The ACRE program really makes me shudder, and this from farmgate doesn't help. Why? Because FSA had, and I think still has, a general "misaction/misinformation" provision. The idea being if a bureaucrat tells you something wrong and you act on it, or if the bureaucrat does something wrong which harms you, FSA should make you whole.
From a philosophical standpoint, it's interesting. (There's a certain parallel to the FISA debate going on--the bill that just passed the Senate which Obama and Clinton differed on holds the telecoms harmless/gives them immunity from suits for past acts taken in accord with instructions from the executive. To my mind it's much the same philosophy as misaction/misinformation.) Looked at one way, shouldn't the government expect its citizens to be knowledgeable and to look after their own interests? If so, if a bureaucrat misinforms you, why shouldn't we expect you to know better? To be pejorative, should the government be encouraging its citizens to rely on it? (Conservatives/libertarians can do a great riff on this.)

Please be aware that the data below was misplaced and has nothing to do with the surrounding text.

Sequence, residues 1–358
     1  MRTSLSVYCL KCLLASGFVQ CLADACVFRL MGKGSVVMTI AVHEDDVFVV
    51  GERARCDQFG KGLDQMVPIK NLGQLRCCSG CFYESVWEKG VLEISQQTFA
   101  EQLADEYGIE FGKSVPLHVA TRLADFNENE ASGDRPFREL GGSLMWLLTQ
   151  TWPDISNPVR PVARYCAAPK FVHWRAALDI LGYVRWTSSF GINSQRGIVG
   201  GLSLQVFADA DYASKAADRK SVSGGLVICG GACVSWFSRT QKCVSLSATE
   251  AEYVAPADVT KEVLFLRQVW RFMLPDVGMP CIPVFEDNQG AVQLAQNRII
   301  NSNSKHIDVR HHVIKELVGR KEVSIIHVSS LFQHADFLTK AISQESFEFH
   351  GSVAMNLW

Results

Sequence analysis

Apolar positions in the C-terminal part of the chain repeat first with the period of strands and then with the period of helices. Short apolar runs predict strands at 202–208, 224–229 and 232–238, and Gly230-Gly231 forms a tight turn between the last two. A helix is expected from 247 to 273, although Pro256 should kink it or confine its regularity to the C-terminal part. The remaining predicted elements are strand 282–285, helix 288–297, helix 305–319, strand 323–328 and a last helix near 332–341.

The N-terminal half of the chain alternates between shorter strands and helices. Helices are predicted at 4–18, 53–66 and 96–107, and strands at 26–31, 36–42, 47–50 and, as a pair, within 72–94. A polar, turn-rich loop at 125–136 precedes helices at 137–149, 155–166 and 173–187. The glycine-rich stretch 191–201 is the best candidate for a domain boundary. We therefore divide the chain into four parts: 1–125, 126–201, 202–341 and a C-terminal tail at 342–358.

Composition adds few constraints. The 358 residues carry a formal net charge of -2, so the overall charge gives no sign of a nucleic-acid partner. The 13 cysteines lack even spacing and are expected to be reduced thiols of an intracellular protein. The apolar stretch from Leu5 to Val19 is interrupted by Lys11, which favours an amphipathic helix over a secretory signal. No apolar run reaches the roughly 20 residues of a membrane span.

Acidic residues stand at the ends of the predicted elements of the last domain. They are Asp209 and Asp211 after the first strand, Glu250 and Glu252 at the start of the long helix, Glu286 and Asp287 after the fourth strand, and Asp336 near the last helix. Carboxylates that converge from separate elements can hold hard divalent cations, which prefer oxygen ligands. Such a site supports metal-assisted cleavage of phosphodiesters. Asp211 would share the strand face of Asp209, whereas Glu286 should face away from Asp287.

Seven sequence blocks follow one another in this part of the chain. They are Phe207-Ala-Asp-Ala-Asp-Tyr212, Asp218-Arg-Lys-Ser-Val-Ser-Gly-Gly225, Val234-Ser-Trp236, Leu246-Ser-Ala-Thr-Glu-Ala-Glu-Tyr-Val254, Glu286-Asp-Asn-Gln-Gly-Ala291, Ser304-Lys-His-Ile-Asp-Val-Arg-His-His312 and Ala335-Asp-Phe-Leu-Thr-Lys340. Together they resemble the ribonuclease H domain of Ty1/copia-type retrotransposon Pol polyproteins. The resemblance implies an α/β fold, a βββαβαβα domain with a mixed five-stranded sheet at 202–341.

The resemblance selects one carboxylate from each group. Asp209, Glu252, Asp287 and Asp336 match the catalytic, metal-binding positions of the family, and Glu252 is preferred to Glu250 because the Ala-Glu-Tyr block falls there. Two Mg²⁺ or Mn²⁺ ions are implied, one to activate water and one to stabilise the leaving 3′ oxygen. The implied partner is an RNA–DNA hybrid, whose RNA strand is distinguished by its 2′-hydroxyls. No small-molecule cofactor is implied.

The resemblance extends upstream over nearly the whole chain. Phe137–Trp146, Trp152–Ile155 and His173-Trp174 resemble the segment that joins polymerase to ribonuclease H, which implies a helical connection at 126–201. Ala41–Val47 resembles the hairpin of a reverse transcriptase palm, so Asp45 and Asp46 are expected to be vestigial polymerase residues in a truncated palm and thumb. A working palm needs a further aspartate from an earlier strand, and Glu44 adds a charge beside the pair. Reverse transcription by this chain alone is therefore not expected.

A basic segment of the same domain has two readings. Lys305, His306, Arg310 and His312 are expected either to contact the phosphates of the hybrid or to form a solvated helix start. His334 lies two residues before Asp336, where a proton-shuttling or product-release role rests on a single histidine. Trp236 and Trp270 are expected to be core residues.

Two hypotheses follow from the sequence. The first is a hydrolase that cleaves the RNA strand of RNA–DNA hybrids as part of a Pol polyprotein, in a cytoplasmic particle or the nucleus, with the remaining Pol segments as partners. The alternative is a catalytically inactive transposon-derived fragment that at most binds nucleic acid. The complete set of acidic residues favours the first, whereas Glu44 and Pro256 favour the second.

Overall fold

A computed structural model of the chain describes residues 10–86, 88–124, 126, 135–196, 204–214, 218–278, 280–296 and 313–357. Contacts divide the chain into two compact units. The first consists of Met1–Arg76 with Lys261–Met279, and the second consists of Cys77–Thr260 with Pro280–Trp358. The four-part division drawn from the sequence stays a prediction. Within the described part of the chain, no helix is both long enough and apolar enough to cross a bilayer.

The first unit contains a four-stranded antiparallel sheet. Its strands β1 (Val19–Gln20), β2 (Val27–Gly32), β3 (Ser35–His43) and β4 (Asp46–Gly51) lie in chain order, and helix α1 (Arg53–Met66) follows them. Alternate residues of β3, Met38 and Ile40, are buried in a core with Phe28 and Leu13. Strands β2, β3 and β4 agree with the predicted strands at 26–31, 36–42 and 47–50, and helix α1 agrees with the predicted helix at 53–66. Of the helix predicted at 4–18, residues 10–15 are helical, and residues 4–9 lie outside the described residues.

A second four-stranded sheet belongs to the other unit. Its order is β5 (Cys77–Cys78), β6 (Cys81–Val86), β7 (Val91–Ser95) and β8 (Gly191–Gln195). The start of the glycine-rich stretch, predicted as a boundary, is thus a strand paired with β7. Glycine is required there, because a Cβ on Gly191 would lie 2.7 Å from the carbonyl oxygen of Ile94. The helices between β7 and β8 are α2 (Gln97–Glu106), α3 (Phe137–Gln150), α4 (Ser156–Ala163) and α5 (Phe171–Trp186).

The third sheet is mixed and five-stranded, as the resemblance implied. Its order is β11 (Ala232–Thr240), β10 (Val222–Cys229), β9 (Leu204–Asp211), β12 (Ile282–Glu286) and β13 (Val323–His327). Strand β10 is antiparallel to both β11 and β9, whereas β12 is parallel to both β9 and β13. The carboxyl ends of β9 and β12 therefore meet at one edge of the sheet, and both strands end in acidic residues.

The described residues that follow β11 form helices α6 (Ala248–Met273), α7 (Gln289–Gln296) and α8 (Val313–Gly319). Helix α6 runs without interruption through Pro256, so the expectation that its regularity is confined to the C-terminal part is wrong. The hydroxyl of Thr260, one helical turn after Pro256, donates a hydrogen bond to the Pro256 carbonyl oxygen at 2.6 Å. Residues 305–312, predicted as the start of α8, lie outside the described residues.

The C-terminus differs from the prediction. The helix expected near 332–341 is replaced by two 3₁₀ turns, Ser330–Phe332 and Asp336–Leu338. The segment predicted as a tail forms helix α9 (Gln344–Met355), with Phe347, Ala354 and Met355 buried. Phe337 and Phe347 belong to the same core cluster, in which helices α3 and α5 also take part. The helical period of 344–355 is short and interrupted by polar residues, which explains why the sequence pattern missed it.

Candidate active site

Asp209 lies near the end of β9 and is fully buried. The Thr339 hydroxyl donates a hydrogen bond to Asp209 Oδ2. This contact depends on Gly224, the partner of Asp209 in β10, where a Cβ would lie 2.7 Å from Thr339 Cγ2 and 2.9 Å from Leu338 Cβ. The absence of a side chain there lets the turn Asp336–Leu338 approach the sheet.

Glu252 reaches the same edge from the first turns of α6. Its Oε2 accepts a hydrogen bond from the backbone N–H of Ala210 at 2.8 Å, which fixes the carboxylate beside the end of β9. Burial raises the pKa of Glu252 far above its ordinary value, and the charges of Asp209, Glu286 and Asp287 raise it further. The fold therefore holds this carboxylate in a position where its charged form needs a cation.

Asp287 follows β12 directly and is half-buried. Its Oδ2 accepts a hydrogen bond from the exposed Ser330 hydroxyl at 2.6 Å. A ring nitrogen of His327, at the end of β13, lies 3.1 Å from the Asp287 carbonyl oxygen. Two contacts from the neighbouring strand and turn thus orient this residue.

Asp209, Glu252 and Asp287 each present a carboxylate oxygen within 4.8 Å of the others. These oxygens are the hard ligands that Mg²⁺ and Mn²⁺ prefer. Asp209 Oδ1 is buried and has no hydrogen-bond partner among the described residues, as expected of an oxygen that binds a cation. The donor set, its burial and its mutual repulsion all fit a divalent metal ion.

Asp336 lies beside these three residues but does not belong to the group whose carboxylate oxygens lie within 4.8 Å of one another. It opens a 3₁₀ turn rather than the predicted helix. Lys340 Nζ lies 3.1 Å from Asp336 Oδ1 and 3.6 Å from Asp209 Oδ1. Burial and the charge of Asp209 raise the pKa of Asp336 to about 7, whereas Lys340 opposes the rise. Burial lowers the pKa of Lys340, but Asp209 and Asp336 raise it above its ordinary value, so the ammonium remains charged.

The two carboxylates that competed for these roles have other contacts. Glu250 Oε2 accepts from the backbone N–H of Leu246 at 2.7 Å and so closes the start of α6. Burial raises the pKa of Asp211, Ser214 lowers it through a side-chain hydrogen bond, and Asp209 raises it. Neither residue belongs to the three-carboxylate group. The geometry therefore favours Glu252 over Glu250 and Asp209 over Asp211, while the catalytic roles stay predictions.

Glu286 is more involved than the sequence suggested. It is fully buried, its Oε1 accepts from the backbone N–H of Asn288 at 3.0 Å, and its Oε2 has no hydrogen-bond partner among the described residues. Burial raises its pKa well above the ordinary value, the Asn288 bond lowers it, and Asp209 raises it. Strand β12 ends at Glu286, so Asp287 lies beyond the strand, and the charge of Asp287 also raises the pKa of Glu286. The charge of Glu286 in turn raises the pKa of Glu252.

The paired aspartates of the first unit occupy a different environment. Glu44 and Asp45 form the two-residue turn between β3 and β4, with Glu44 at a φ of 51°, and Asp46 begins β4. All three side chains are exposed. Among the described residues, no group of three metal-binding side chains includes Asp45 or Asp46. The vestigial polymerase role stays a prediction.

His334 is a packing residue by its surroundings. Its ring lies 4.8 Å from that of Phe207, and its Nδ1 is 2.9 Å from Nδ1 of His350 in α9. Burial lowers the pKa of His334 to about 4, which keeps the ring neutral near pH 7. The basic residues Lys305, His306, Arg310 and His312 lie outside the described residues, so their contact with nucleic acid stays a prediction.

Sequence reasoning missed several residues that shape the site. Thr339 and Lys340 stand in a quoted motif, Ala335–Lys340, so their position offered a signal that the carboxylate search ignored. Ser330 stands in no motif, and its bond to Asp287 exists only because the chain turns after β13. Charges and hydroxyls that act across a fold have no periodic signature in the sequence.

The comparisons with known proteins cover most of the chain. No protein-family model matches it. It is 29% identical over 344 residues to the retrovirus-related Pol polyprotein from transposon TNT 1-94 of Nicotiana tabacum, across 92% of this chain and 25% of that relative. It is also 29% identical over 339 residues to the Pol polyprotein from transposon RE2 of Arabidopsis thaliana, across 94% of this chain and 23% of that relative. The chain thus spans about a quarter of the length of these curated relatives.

The political reality is that we have the misaction/misinformation law--write your Congressperson with a grievance and one of the first questions the FSA person who handles the correspondence is going to ask is, was there misaction or misinformation? And, in my experience, the agency will often lean towards saying "yes". If the farmer goes out the door confused, it was the FSA person who confused him. (All farmers are smart, just as all children are above average.)
So, under a brand-new program like ACRE we're particularly likely to have confusion both within FSA and in the agricultural community. We're also particularly likely to see people regretting their choice after a year or two and that's when the claim of "you misinformed me" is likely to be made.